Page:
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UMass Amherst Libraries

Managing Your Data

Take care of the products of your research -- the tips here will help your work be available long into the future!

Use Stable File Formats

Use file formats that are open, standard, and well documented.

Stable file formats are highly unlikely to become obsolete, orphaned, or subject to abandonware, in which software or hardware is no longer maintained by its creator.  

The table below outlines data types and stable, preferred file format examples.

Data type Preferred file format examples
Containers TAR, GZIP, ZIP
Databases XML, CSV
Geospatial SHP, DBF, GeoTIFF, NetCDF
Moving images MOV, MPEG, AVI, MXF
Statistics ASCII, DTA, POR, SAS, SAV
Still images TIFF, JPEG2000, PDF, PNG, GIF, BMP
Tabular data CSV
Web archive WARC


Using stable file formats makes your data more replicable, more easily combined with other datasets, and has a much higher likelihood of being accessed in the future. Stable file formats have a long history of access and use. Some file formats even predate personal computers - data in the form of comma-separated values was supported as early as 1972 (as “list-directed input/output). 

Stable file formats are those that are: 

  • Non-proprietary. Non-proprietary file formats are usable by many different operating systems and different versions of operating systems, and are not restricted by a specific software or manufacturer. When working with proprietary software, you may have to choose to export your data into a stable file format.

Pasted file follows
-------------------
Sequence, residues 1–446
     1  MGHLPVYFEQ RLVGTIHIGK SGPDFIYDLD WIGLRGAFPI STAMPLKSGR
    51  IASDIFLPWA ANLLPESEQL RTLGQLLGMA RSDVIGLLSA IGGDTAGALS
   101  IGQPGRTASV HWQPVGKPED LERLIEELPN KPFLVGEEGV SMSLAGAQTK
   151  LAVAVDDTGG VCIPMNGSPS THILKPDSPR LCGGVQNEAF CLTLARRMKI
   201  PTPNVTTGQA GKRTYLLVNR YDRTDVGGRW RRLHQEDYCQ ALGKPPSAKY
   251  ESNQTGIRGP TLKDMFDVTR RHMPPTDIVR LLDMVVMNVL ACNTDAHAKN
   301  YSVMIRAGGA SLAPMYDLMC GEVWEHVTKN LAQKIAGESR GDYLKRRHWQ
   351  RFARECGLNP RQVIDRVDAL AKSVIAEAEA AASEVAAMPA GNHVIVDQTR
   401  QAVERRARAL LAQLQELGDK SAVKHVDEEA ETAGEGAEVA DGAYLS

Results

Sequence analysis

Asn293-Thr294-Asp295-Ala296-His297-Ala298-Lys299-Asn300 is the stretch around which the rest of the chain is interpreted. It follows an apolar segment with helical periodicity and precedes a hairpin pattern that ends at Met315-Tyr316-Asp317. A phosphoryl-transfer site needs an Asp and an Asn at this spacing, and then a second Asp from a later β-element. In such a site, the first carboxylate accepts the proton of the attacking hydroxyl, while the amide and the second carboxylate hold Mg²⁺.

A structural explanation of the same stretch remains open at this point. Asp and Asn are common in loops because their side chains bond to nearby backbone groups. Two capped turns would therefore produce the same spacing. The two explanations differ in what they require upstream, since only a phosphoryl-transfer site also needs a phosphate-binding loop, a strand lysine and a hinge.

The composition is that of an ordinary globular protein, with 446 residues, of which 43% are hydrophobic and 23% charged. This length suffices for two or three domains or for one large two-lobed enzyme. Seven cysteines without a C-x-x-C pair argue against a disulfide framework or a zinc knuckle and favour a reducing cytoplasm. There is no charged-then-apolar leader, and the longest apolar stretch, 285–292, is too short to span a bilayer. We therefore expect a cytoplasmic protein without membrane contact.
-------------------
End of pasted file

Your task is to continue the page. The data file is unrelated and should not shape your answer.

• Uncompressed. Compression algorithms modify your data in order to make files smaller by rounding off bits of ‘nonessential’ information. Low-quality images or sounds could impact how your data is analyzed and the results of your work. Working with a raw format and sharing and saving only the compressed formats could mean that your work is no longer reproducible. 
  • Unencrypted. Encryption algorithms can change or be lost -- rendering your data inoperable. 

Resources and tools

Resources and tools: 

Questions To Think About

Questions to think about:

  • Are the file formats you use standard in your community?
    • Could you use a more open file format and still be in line with the files your community uses?
  • Do you need a particular piece of software to read and use the data file? 
    • If so, can you save your file in a stable file format?
    • Document the software package, version, and operating system used, even if you share the data in a stable file format in your readme file or data documentation.
  • Do you have multiple files saved as part of your data file? (e.g., GIS often requires a package of several files to make a dataset viewable). 
    • Document the structure of your data in your readme file or data documentation.

Further Reading